Anyone found guilty under the C&J Bill will be added to the Sex Offenders Register. The performativity of nonsensical mindlessness by parliament is a doom of people. The interpretation to arrestable offence by power police, positions the subject to suspect. Edward Bulwer-Lytton foresaw this,

True, This! —
Beneath the rule of men entirely great,
The pen is mightier than the sword. Behold
The arch-enchanters wand! — itself a nothing! —
But taking sorcery from the master-hand
To paralyse the C├Žsars, and to strike
The loud earth breathless! — Take away the sword —
States can be saved without it!

Ally Fogg, writing in The Guardian, makes analogies with drug reclassification, which I think goes right to the heart of the Pro-lobby's reasoning.
"When the cabinet chooses to ignore the advice of their own appointed experts with respect to classification of recreational drugs, it is incumbent upon them to demonstrate that their approach – using the law to "send a message" – actually works, and indeed works better than the alternatives of decriminalisation or medicalisation. When politicians take expert advice on social and psychological consequences of policy, as they did ahead of the extreme pornography provisions, it is essential that the advice reflects the diverse spectrum of clinical and research expertise, not an unrepresentative sample intended to bolster and justify a predetermined position. All healthy societies need to find a delicate balance between protection of the common good and the freedom of the individual to make their own choices. The only way we can ensure that the pivot is correctly placed is with an accurate assessment of their relative weights. On these topics, as in so many others, New Labour has revealed a disregard for the value of genuinely evidence-based policy."
Ally Fogg, Tuesday 3 March 2009


The International Union of Sex Workers are opposed to the Bill too, though Jacqui Smith found out she couldn't pay them by trying to claim two porno films on her government expense accounts. (Harry Haydon, The Sun, March 29) It seems there is a threat to high profile government jobs. Democracy in the UK is majority rule by equal vote with a first-past-the-post system. Opposing apathy, elector disobedience, and disabilities, the power of the internet petition and emails cast votes on bills from more people who vote on them in the Commons. There are serious issues of excess under-representation brought to light by e-democracy which will, by Moore's Law, repeat themselves. Already, in public polls in the media arrround 90%ish are against the new Bill.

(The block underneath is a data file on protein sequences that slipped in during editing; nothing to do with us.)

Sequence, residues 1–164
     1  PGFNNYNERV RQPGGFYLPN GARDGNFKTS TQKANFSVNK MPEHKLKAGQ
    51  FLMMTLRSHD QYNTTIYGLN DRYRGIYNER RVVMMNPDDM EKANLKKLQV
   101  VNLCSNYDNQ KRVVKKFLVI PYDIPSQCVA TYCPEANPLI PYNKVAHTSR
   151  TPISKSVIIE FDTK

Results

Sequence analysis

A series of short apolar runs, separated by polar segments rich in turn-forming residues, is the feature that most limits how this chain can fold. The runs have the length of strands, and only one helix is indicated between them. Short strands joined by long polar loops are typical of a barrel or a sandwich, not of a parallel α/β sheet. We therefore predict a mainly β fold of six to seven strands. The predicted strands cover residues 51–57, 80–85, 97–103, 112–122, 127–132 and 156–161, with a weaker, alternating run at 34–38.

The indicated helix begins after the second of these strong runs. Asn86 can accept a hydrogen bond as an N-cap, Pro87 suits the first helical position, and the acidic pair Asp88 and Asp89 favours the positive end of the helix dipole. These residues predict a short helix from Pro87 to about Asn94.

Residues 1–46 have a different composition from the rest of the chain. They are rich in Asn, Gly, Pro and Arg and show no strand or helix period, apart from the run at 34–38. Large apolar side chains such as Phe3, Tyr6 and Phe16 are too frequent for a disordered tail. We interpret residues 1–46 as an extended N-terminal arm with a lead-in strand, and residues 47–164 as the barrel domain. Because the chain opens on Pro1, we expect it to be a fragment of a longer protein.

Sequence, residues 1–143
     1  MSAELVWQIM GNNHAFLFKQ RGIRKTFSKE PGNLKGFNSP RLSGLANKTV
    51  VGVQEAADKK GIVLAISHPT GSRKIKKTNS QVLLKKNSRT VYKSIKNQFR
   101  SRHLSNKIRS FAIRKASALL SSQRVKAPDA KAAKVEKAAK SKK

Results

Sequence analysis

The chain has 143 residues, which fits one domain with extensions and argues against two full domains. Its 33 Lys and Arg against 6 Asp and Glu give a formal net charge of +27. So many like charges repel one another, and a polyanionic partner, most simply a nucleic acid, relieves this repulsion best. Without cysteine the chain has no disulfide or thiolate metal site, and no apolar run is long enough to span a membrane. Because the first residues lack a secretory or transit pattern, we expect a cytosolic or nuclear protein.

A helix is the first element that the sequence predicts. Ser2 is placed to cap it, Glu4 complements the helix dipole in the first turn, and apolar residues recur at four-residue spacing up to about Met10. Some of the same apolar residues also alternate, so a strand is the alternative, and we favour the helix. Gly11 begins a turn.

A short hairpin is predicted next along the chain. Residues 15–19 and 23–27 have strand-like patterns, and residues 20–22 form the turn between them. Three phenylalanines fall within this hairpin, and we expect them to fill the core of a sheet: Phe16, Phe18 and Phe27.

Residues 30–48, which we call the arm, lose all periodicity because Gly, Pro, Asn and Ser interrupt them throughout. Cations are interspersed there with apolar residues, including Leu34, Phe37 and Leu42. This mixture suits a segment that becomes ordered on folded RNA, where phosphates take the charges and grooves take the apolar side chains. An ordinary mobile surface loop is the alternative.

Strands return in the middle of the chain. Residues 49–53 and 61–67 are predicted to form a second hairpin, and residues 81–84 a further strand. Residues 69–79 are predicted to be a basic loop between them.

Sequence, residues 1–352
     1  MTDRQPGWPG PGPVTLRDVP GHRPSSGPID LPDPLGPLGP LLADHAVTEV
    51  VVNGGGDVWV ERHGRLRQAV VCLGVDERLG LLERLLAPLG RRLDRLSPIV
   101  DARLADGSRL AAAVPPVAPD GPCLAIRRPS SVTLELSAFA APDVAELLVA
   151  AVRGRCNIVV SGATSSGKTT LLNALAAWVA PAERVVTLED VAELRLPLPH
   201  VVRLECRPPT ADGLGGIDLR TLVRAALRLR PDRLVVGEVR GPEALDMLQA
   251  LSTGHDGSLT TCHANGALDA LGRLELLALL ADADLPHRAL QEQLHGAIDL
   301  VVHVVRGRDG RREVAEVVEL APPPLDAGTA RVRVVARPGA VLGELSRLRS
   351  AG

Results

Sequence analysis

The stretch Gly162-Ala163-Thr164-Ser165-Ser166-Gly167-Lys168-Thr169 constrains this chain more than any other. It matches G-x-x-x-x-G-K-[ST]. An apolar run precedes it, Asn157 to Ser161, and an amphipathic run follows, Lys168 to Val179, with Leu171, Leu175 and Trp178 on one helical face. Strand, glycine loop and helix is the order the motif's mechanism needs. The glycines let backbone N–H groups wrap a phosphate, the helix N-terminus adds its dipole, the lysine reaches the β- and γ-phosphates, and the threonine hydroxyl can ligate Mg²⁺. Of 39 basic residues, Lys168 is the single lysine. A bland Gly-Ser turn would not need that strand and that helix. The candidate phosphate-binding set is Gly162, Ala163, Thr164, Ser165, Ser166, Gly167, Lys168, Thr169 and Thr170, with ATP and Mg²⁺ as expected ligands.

They don't seem fit to do the work they are beig paid for. When the bill reached the House of Lords in 2008, only one peer, out of seven hundred and forty-two viewed the examples. Lord Faulkner, (a Labour appointment) who said "I was left with the question whether their possession is so threatening to society that it is worth turning people into criminals and sending them to jail....I really cannot imagine that any useful purpose is served by creating criminals out of the people who possess them."

Rick Haythornthwaite, head of the Risk and Regulation Advisory Council, according to Backlash, told The Politics Show on BBC1 when talking about the Bill,. "We have got to deal with some of the systemic flaws in policy-making within Whitehall". I'd go a bit further. I think there needs to be new legislation. New legislation from which those seated in parliaments are excluded from a say in drawing up. Interruptive impositional legislation serves as a diversion, a menagerie performance, from loving government over real issues such as homelessness, poverty, co-counselling for the mentally abused. Injustices these are that, almost everybody can agree upon. Homelessness! How easy it would be for the Commons to end homelessness through a simple diversion of funds.


The spark for easily abused law such as this often comes from bereaved survivors of the ordeals gone through by Sarah Payne and Liz Longhurst. The emotive power communicates with passionate intensity on single lobby matters were it receives an understandable reception among MPs for communities. It seems passionate intensity may find its voice also in disindivualised power conduits. The campaign against The Coroner and Justice Bill in this, acts as a message to the government that we are vigilant. Redirected community power finds form in the like of measures such as The Child Sex Offender Disclosure Pilot, notifying upon application not mass publishing partners for access. Its certainly more helpful than its initiator, the Sarah's Law media lobby. Were this meets with objectives of The Coroner and Justice Bill, louder-than-news journalism in papers like the Daily Mail and Daily Record and associative links with full-colour buy ads dance invite to vomit. Community power for form might, for example, find weight in informing the underlying vehicle The Sex Offenders Register, by categorisation of paedophiles and streakers. That seems like a measure in which justice might be done through both.

(Esther Addley's in The Guardian, Saturday 2 September 2006 explores "Jane's legacy" interviewing her bereaved elderly mother and the pro-censorship crusade)

Dedication: Violent ghosts, we remember loss. Living, belong. Self-publish, co-author.